As a “Biden-backer,” I’m strongly urging the president to change one of his recommendations. San Diego parents, teachers and an attorney offer powerful reasons for the president to withdraw his nomination of former San Diego Unified School District Superintendent Cindy Marten to be deputy secretary of the U.S. Department of Education. There’s growing, reasonable opposition to her appointment in this critical job.
More than 100 cases from families with special needs students are pending against the district where she served as superintendent. Jennifer Rayle has been a public school teacher for more than 20 years, working with students who have special needs. She explained: “As a special education advocate, I have clients in other districts and San Diego is by far the most challenging to work with.”
Dr. John Davenport and Dr. Farah Chery are among those who’ve challenged the district. They have a son who is hearing impaired. Experts believe that their son qualifies for assistance under federal legislation. The district resisted them for years, delaying his progress and costing them thousands of dollars (which many families can’t afford).
Chery told me: “We want our story to be publicized nationwide. The injustices that Eli (our 5 year old hearing impaired child) faced were under Cindy Marten’s watch.” (More information online here: t.ly/VQSZ.)
Gabriella Torres, a senior staff attorney with Disability Rights California, works statewide with families. She reports: “San Diego Unified District has been difficult to deal with in terms of transparency and sharing information with families of students with special needs, more difficult than many others.”
Part of the problem in San Diego is an attitude of secrecy. The San Diego Society of Professional Journalists gave the district its “Wall” award in 2017 because the district was so resistant to providing information (see t.ly/a7NE). The journalists noted, among other things, that the district:
— “Withheld documents” about student safety and missing inventory items “that other school districts delivered in weeks.”
— “Ignored repeated requests to meet in person.”
Unfortunately district resistance to transparency continued. Last month, journalists reported the district trained staff about how to “permanently delete sensitive emails.” This “took place two months after San Diego Unified entered into a court-approved agreement to keep emails for at least two years, as part of a lawsuit with Voice of San Diego.” (Information here: t.ly/txce.)
There’s more. Last month, San Diego’s NAACP announced: “The NAACP San Diego would like to express its firm and resolute opposition to the nomination of current San Diego Unified School District Superintendent Cindy Marten to the post of deputy secretary in the federal Department of Education.”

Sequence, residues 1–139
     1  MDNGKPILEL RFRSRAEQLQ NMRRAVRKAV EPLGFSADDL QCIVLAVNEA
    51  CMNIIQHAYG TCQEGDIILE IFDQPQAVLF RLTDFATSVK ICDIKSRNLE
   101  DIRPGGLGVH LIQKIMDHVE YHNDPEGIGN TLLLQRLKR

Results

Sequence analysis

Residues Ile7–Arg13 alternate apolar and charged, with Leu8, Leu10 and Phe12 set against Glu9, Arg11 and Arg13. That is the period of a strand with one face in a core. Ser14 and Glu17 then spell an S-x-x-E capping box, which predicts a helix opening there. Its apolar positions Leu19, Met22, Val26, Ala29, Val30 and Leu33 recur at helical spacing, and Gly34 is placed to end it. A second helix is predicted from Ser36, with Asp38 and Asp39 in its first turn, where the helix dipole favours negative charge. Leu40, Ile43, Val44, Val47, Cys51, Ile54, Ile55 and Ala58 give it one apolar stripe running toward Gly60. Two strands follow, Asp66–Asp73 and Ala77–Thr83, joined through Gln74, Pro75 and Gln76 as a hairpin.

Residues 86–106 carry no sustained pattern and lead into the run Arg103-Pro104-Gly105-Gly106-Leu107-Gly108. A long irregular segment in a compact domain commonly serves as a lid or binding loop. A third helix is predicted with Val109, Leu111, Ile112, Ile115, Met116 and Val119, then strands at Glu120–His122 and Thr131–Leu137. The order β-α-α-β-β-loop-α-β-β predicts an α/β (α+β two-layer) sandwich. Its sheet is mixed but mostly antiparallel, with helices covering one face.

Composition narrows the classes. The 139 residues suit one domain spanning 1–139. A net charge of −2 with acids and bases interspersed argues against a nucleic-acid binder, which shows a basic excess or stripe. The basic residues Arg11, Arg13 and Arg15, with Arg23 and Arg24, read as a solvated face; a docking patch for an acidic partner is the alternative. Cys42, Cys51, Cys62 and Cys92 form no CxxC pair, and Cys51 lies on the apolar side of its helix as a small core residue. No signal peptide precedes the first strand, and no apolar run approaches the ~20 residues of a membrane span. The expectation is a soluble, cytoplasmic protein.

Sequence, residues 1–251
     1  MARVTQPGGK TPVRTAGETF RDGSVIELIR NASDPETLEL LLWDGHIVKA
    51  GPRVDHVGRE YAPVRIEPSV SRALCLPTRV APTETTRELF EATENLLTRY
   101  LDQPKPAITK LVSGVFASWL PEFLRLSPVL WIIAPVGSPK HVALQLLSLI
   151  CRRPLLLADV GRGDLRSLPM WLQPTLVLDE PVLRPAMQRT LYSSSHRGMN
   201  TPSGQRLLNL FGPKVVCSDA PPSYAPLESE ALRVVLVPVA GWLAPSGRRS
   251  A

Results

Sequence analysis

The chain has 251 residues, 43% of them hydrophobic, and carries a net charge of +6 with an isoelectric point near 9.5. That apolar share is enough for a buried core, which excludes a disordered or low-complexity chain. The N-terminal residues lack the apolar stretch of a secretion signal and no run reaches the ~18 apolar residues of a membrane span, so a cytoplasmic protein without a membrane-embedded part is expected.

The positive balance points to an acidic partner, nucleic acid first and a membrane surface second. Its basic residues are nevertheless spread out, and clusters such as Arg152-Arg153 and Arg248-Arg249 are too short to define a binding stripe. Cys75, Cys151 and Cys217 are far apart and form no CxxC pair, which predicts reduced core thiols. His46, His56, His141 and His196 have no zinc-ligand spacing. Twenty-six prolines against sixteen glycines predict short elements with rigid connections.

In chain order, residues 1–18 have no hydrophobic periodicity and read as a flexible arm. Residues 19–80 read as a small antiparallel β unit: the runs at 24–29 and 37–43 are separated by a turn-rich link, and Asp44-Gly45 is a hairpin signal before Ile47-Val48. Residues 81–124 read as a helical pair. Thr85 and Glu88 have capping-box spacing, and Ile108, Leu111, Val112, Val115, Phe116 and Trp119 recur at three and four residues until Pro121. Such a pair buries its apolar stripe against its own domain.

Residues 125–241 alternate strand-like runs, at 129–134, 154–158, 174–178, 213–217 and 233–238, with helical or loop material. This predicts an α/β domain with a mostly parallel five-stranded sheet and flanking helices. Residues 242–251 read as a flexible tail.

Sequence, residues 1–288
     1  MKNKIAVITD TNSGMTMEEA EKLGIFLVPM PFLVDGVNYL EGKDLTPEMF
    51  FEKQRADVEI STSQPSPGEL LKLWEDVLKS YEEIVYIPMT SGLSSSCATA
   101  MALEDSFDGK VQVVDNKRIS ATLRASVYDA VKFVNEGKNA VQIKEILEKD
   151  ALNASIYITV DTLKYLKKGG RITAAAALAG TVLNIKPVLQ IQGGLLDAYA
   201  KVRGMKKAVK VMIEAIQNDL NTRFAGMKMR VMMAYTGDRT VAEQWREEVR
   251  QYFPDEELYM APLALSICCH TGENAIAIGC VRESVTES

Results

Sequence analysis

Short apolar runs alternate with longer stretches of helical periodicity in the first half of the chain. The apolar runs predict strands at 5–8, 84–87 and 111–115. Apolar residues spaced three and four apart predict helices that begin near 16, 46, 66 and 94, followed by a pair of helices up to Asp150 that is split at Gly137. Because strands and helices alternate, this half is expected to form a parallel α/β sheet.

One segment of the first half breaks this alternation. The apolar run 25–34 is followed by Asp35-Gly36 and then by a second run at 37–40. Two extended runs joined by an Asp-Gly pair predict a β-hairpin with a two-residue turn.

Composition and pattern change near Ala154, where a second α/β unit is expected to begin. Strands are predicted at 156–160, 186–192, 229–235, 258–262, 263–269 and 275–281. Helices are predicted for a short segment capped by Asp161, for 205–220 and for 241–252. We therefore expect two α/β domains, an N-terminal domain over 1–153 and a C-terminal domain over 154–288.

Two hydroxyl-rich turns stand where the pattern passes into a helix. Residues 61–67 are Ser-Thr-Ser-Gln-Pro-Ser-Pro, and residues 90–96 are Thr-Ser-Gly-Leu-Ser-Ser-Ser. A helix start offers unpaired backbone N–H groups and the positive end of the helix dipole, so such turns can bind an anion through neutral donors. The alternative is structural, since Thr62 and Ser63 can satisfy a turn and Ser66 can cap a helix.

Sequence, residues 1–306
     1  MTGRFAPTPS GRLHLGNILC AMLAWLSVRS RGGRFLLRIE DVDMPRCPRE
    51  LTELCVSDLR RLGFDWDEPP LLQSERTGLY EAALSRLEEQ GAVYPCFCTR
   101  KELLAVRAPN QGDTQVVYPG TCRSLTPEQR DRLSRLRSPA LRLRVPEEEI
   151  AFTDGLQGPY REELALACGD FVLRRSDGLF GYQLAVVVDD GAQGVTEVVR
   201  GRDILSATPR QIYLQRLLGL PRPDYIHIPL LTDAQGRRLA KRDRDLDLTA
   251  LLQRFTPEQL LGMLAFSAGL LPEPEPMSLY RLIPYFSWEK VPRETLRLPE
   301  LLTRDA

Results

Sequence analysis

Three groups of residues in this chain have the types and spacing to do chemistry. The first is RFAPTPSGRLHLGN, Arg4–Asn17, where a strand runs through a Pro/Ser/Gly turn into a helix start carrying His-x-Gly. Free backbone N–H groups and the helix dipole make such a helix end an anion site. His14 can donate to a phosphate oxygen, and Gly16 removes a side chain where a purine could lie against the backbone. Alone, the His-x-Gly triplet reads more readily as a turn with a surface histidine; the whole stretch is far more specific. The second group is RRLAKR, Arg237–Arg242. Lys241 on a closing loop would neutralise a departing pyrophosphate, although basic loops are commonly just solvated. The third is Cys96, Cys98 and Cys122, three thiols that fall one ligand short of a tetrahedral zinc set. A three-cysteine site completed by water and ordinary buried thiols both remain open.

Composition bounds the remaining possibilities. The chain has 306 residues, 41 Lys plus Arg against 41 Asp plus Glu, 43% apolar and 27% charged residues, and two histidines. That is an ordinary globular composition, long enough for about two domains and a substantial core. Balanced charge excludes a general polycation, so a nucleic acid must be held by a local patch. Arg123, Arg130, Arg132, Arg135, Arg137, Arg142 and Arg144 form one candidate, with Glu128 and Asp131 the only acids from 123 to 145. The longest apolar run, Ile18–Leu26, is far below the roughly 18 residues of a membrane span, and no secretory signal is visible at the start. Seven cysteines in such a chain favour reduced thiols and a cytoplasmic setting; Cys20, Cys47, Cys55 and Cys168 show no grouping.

It continued: “During her administration, African-American students and families have not only been systematically de-prioritized, but key programs and resources to support African-American student success have been stripped and ‘abolished.’ It is our view that she’s been an ineffective leader of California’s second largest school district and is ill-equipped for the tremendous responsibility of serving the needs of our entire nation’s young learners.” (See t.ly/MwHw.)
Khulia Pringle, a Minnesota education advocate who opposes Martin, told me: “It’s long overdue for the Status Quo to listen to BIPOC families.”
Marten has supporters, including Dr. Linda Darling Hammond, chair of Biden-Harris’ education transition team. Hammond co-authored research showing, among other things, that achievement gaps are less in San Diego than in most large California districts (t.ly/IzeV).
Some Californians question this research. Christina Laster is based in California and is the National Parent Union’s director of policy and legislation. She told me: “There’s wide-spread skepticism about San Diego’s academic results. Even if you believe Hammond, there’s been very little academic improvement under Marten.” (More information is here: nomarten.com.)
The Deputy Secretary of Education has a huge impact on how USDE deals with students, families, educators and anyone seeking information.
Should an educator with the record described above hold a powerful position at the U.S. Department of Education? Does President Biden value inclusiveness — or “a wall”? Aren’t there other qualified educators who’ve produced progress, respect special education requirements and value transparency? Yes.
President Biden, I join many others from California who have worked with Marten and who voted for you. We agree. Please withdraw this nomination.
Joe Nathan, formerly a Minnesota public school educator and PTA president, directs the Center for School Change. Reactions welcome at Joe@centerforschoolchange.org or JoeNathan9249 on Twitter.